Questions of Cash: Orange insurance was a lemon for my son's broken phone

 

Q. When I took out a contract with Orange for my 16-year-old son's Sony Eriksson Experia phone, I added the insurance option against damage, loss and theft. After about 10 months of the contract, the phone was dropped and damaged beyond use. I tried repeatedly to phone Orange about this, but every time the company's automated response said there was a queue of between 45 minutes and one hour.

I unsuccessfully tried six or eight times to get through to report it. I then went into the local Orange store to report the problem. I was told that the insurance claim was not valid as I had not contacted them within 48 hours of the damage to the phone. I have had to pay £170 plus VAT to replace the phone. This seems incredibly unfair as I have paid the insurance for the phone to no effect. I work long hours and travel a long way to work and it seems entirely unreasonable to report the damage within the 48 hours, especially as the phone line has such an excessive wait. AW, Reading.

A. It is essential in such circumstances to check a policy's terms and conditions. You admit that you failed to comply with these and did not report the damage within the 48 hours, nor was your first attempt at reporting the matter to Orange within the 48-hour deadline. Despite this we made an attempt – we thought optimistically – to recover your costs. We initially raised the matter with Orange, which advised us that the policy is underwritten by Allianz and that you did not meet the claims criteria because of the delay in reporting the damage. We then tried our luck with Allianz. It took a few weeks, but Allianz has acceded and paid up on a goodwill basis. Thanks to Allianz, your Orange bill has been credited with a total of £173.62.

Q. You say [Questions of Cash, 15 September] that you receive far fewer complaints about TalkTalk than you used to. Two years ago you helped me with TalkTalk and you summarised the saga with them in the paper. TalkTalk offered me £50 in compensation. They promised this to you and they promised it to me in writing. But when I claimed the £50, they ignored me. They have still not paid two years later! BD, by email.

A. TalkTalk agreed to pay you £50 as a goodwill gesture and you accepted. We thought no more about it and assumed you had received the money – this is the first we knew that the money did not arrive. We raised the matter again with TalkTalk and in less than a week you had the £50 in your bank account. You suggest this column is "a miracle worker". No – just persistent. But we have to be told if a promised payment does not arrive.

Q. A few weeks ago I looked through my old savings certificates and found one for a Bradford & Bingley Fixed Term Loyalty Bond – Issue 2, which was issued in December 2003 for nearly £11,000. As Bradford & Bingley was taken over by Santander, I went to my Santander branch in Hull. Staff there tried to find out what had happened, but could not trace the bond there and then. However, they promised to refer the matter to the right department and get back to me. I have called a couple of times to see if there was any progress, but nothing. What can I do? DP, Hull.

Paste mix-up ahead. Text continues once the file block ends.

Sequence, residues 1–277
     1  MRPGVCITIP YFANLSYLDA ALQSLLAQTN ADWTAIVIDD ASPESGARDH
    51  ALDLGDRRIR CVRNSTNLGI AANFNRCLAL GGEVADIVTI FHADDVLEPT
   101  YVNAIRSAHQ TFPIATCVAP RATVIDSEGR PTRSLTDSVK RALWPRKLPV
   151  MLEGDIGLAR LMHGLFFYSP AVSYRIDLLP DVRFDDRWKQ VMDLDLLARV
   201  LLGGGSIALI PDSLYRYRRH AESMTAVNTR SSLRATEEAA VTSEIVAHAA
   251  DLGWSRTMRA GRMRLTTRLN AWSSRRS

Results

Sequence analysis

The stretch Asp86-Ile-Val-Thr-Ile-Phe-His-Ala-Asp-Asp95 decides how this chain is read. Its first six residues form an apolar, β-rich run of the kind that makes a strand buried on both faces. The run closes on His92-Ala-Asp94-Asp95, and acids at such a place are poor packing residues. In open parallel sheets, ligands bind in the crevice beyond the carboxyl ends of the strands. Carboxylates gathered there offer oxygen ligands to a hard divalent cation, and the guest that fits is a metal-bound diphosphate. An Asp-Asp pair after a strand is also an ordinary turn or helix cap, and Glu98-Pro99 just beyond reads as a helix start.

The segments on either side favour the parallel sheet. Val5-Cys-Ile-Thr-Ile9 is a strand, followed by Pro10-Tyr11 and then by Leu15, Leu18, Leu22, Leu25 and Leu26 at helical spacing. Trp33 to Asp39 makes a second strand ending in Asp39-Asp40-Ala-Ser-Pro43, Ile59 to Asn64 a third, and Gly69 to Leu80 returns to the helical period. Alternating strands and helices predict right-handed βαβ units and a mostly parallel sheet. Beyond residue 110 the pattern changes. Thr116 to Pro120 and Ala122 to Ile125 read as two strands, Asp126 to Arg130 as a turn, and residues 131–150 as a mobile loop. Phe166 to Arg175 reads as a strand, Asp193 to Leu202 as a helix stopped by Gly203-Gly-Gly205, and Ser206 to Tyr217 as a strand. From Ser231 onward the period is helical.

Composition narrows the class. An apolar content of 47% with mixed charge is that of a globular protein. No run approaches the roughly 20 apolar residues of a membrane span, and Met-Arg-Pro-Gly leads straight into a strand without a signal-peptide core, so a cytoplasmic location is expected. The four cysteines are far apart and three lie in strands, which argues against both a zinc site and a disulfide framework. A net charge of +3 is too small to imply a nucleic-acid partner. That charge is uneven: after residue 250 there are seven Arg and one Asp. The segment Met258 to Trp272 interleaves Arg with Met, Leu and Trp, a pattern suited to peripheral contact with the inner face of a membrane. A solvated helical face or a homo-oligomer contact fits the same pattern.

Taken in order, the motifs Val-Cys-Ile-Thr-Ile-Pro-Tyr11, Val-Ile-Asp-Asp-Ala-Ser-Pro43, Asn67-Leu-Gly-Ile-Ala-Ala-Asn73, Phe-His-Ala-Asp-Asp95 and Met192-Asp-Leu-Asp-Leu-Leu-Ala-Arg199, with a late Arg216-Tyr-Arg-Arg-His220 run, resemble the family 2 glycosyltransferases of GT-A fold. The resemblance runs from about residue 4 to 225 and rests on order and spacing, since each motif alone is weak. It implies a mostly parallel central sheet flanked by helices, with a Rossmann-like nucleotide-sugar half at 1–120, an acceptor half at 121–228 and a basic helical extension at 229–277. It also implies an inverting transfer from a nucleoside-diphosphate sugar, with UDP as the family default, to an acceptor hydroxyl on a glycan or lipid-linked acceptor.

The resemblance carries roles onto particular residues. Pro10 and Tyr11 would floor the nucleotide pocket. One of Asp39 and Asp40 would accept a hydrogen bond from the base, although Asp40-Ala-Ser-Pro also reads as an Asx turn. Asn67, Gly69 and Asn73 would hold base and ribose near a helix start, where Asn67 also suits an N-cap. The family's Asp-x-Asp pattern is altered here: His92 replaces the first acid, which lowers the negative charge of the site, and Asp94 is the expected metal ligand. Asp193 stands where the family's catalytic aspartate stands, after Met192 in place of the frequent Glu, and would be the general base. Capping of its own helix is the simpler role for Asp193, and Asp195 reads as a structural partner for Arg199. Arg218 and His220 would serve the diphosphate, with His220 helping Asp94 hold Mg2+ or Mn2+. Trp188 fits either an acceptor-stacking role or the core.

A. We have bad news. Santander has traced the bond and its records show that it was closed and you were fully repaid on 19 January 2006. Banks and building societies do not always need to receive and cancel the original bond certificates to close the account, providing the bond holder can prove their identity.

Q. My partner and I were sold a mortgage a few years ago by the former Dunfermline Building Society with a high loan to value. It was only on the day of completion that I was told, by phone, that there was an additional charge, specifically for the high loan to value. I felt that I had to accept the charge to avoid the transaction falling through. When I pointed out at the time that we had not been warned, Dunfermline accepted this and offered to add the charge to the mortgage and not apply interest to this part of the loan. I agreed to this, but in retrospect I think I was wrong in doing so. I was not told that I could have challenged this by taking it to the Financial Ombudsman.

When I heard about the PPI mis-selling cases it occurred to me that there was a similarity between those cases and what I feel was a mis-selling of the high loan to value charge associated with the mortgage. If I had known in advance of the additional high loan to value charge, then I might have been able to raise some additional money through my family to avoid the charge. I've raised this with Nationwide – which now owns Dunfermline – but it has rejected my request for compensation. JH, Scotland.

A. Nationwide is not willing to concede on this. It regards the matter as having been settled at the time by Dunfermline agreeing not to impose interest on this charge, which has now been fully cleared by you. It adds that it is now 14 years since the mortgage was arranged – and this is a very long time to wait to make a complaint. It also argues that you cannot prove that you could have raised extra capital from your family to avoid having the charge imposed.

Nationwide does accept that it failed to respond to your written complaint to it in a fast and efficient manner. It has previously offered you £100 as an apology for this – an offer that you have not as yet accepted, but which remains open to you. We understand that you will now lodge a complaint with the Financial Ombudsman, though it may regard your complaint as time barred.

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